Walt Disney's Dividend Is Back. Will DIS Stock Follow?

Disney reinstated its dividend after a three-year suspension as shares remain depressed.

Disney dividend disney stock
(Image credit: Getty Images)

Walt Disney (DIS) reinstated its dividend after a three-year suspension, a move that's good news for income investors and could help bolster the media and entertainment giant's beleaguered share price.

Disney's board on Thursday declared a cash dividend of 30 cents per share, payable on January 10 to shareholders of record at the close of business on December 11, 2023. 

"This has been a year of important progress for The Walt Disney Company, defined by a strategic restructuring and a renewed focus on long-term growth," said Disney Chairman Mark Parker in a news release. "As Disney moves forward with its key strategic objectives, we are pleased to declare a dividend for our shareholders while we continue to invest in the company's future and prioritize meaningful value creation."

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Disney suspended its dividend in the spring of 2020 in order to conserve cash amid the COVID-19 pandemic. 

Also on Thursday, Disney said that Morgan Stanley (MS) CEO James Gorman and former Sky TV chief Jeremy Darroch will join its board early next year. The move comes as Disney faces a proxy fight with activist investor Nelson Peltz, who is reportedly seeking at least two board seats. 

Better times ahead for DIS stock?

Disney shareholders can be forgiven if they wish the company were celebrating its 100th anniversary against a happier backdrop. Like the rest of the industry, Disney is grappling with slower advertising spending, the decline of linear TV and steep losses in its streaming business. 

Shares in DIS now lag the broader market on an annualized total return basis over pretty much every standardized period you care to measure. That's a big come down for a name that was once one of the 30 best stocks of the past 30 years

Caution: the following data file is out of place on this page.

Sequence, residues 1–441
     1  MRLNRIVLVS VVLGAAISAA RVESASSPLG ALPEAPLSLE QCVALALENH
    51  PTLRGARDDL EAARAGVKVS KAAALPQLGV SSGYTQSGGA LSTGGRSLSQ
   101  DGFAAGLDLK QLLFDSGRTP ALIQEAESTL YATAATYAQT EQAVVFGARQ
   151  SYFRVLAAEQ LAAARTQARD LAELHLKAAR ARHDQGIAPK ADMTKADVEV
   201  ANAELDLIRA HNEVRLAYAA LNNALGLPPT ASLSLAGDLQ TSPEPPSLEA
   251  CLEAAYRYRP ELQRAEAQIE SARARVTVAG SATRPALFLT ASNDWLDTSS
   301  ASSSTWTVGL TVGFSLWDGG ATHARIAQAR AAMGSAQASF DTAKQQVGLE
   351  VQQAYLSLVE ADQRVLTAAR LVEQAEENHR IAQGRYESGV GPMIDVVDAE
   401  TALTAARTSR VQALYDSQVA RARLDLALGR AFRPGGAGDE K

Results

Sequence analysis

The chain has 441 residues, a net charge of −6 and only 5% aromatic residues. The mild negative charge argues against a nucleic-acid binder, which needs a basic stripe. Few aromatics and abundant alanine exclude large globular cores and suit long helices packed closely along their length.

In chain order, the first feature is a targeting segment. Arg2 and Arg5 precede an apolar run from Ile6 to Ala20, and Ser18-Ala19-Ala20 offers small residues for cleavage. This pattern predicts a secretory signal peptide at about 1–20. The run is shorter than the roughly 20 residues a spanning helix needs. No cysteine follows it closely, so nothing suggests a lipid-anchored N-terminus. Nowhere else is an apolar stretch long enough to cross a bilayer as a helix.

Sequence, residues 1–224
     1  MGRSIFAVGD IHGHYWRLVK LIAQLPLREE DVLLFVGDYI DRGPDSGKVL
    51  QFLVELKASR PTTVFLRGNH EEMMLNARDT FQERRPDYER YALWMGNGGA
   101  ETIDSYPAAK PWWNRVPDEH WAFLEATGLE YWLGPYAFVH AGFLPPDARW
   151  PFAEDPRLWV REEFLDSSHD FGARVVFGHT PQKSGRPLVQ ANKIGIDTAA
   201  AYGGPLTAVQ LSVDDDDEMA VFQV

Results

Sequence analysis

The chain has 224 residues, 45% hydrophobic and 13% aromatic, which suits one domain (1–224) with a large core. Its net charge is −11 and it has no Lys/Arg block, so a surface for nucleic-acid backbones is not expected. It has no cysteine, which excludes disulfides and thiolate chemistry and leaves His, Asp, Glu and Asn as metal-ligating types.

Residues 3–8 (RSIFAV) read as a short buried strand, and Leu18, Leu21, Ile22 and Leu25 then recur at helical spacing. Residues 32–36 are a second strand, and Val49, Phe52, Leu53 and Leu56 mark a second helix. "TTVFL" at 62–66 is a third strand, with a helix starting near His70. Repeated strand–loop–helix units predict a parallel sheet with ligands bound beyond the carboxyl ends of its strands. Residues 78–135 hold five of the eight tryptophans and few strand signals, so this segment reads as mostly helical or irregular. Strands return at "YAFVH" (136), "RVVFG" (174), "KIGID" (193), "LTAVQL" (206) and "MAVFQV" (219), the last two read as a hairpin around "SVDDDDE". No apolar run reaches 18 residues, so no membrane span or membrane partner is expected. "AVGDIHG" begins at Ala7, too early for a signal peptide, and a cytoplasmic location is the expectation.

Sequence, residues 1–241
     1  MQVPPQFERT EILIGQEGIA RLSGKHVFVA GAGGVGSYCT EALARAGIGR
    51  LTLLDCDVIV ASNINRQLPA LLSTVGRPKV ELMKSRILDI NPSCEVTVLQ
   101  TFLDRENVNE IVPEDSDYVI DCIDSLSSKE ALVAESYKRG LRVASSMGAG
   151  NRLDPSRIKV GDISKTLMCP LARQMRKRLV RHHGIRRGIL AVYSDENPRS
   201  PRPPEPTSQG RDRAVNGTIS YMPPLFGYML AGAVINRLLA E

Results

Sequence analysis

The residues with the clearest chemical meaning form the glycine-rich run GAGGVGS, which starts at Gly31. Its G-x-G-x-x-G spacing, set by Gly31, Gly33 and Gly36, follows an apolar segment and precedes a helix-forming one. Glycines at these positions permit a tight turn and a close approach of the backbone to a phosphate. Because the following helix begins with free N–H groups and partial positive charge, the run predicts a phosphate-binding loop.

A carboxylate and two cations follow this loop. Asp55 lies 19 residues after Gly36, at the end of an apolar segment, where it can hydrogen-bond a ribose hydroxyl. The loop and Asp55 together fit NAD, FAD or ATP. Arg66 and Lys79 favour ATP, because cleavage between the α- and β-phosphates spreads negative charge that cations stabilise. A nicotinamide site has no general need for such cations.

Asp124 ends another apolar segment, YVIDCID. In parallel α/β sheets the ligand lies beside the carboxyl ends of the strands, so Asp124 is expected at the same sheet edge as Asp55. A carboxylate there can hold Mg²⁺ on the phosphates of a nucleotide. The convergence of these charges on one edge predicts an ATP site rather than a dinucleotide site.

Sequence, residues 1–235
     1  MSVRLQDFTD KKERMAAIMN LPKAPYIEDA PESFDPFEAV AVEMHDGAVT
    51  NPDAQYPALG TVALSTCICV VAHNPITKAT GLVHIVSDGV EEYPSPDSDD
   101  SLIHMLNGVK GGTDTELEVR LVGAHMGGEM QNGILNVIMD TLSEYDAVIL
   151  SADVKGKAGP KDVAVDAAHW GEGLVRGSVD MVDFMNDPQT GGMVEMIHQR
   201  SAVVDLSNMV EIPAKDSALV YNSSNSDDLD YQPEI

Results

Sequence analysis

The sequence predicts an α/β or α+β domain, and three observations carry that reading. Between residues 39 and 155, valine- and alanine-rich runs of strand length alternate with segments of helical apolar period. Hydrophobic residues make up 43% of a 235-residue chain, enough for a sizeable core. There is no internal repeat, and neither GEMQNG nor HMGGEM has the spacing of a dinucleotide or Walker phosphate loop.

Indeed, if you'd put $1,000 into Disney stock 20 years ago, you would be very disappointed with the results today. 

As painful a period as this has been for long-term DIS shareholders, Wall Street thinks better times are ahead. Disney is one of analysts' top Dow Jones stocks, for one thing. Of the 32 analysts issuing opinions on Disney stock surveyed by S&P Global Market Intelligence, 19 rate it at Strong Buy, five call it a Buy, six have it at Hold and two rate it at Strong Sell. That works out to a consensus recommendation of Buy, with high conviction. 

Meanwhile, with an average target price of $103.71, the Street gives DIS stock implied price upside of about 13% over the next year or so. 

"Disney remains Netflix's (NFLX) one true competitor in long-form video streaming, and is taking giant steps toward profitability in its direct-to-consumer businesses," says Argus Research analyst Joseph Bonner, who rates DIS at Buy. "With the return of Bob Iger as CEO, Disney is working to lower investment in its direct-to-consumer business and to focus on the most profitable content."

The market's so-called smart money increasingly likes Disney stock too. Although it may have fallen off the list of hedge funds' favorite blue chip stocks in the third quarter, hedge funds still increased their net ownership of Disney stock by more than 12%, or 23 million shares, during the period.

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Dan Burrows
Senior Investing Writer, Kiplinger.com

Dan Burrows is Kiplinger's senior investing writer, having joined the august publication full time in 2016.


A long-time financial journalist, Dan is a veteran of SmartMoney, MarketWatch, CBS MoneyWatch, InvestorPlace and DailyFinance. He has written for The Wall Street Journal, Bloomberg, Consumer Reports, Senior Executive and Boston magazine, and his stories have appeared in the New York Daily News, the San Jose Mercury News and Investor's Business Daily, among other publications. As a senior writer at AOL's DailyFinance, Dan reported market news from the floor of the New York Stock Exchange and hosted a weekly video segment on equities.


Once upon a time – before his days as a financial reporter and assistant financial editor at legendary fashion trade paper Women's Wear Daily – Dan worked for Spy magazine, scribbled away at Time Inc. and contributed to Maxim magazine back when lad mags were a thing. He's also written for Esquire magazine's Dubious Achievements Awards.


In his current role at Kiplinger, Dan writes about equities, fixed income, currencies, commodities, funds, macroeconomics, demographics, real estate, cost of living indexes and more.


Dan holds a bachelor's degree from Oberlin College and a master's degree from Columbia University.


Disclosure: Dan does not trade stocks or other securities. Rather, he dollar-cost averages into cheap funds and index funds and holds them forever in tax-advantaged accounts.